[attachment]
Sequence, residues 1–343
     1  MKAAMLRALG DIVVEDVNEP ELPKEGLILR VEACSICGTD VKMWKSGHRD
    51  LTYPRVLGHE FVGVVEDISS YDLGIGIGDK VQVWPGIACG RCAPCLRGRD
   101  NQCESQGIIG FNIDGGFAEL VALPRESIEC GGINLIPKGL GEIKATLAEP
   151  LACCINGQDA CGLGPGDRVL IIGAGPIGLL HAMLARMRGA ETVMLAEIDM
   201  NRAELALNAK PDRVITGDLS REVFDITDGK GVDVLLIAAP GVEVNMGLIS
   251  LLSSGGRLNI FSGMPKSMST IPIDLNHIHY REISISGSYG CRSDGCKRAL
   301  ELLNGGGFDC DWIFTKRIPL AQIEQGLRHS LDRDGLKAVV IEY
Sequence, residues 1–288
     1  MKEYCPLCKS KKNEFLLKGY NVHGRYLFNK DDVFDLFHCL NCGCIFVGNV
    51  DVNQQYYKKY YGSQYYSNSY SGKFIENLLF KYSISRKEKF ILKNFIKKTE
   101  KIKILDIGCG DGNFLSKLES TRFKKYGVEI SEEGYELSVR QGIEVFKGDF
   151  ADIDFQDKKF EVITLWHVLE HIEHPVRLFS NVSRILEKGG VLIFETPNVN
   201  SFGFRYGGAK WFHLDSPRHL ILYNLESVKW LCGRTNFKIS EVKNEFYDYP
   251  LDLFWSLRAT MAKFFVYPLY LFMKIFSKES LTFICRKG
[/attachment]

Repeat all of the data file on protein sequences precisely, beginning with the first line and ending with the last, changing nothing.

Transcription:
Sequence, residues 1–343
     1  MKAAMLRALG DIVVEDVNEP ELPKEGLILR VEACSICGTD VKMWKSGHRD
    51  LTYPRVLGHE FVGVVEDISS YDLGIGIGDK VQVWPGIACG RCAPCLRGRD
   101  NQCESQGIIG FNIDGGFAEL VALPRESIEC GGINLIPKGL GEIKATLAEP
   151  LACCINGQDA CGLGPGDRVL IIGAGPIGLL HAMLARMRGA ETVMLAEIDM
   201  NRAELALNAK PDRVITGDLS REVFDITDGK GVDVLLIAAP GVEVNMGLIS
   251  LLSSGGRLNI FSGMPKSMST IPIDLNHIHY REISISGSYG CRSDGCKRAL
   301  ELLNGGGFDC DWIFTKRIPL AQIEQGLRHS LDRDGLKAVV IEY
Sequence, residues 1–288
     1  MKEYCPLCKS KKNEFLLKGY NVHGRYLFNK DDVFDLFHCL NCGCIFVGNV
    51  DVNQQYYKKY YGSQYYSNSY SGKFIENLLF KYSISRKEKF ILKNFIKKTE
   101  KIKILDIGCG DGNFLSKLES TRFKKYGVEI SEEGYELSVR QGIEVFKGDF
   151  ADIDFQDKKF EVITLWHVLE HIEHPVRLFS NVSRILEKGG VLIFETPNVN
   201  SFGFRYGGAK WFHLDSPRHL ILYNLESVKW LCGRTNFKIS EVKNEFYDYP
   251  LDLFWSLRAT MAKFFVYPLY LFMKIFSKES LTFICRKG